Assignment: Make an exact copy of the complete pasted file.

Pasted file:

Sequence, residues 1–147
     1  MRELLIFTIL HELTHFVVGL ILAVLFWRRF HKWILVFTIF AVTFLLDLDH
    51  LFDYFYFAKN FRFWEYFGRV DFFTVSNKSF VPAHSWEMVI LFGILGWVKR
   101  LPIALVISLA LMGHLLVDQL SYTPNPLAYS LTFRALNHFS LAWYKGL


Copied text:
Sequence, residues 1–147
     1  MRELLIFTIL HELTHFVVGL ILAVLFWRRF HKWILVFTIF AVTFLLDLDH
    51  LFDYFYFAKN FRFWEYFGRV DFFTVSNKSF VPAHSWEMVI LFGILGWVKR
   101  LPIALVISLA LMGHLLVDQL SYTPNPLAYS LTFRALNHFS LAWYKGL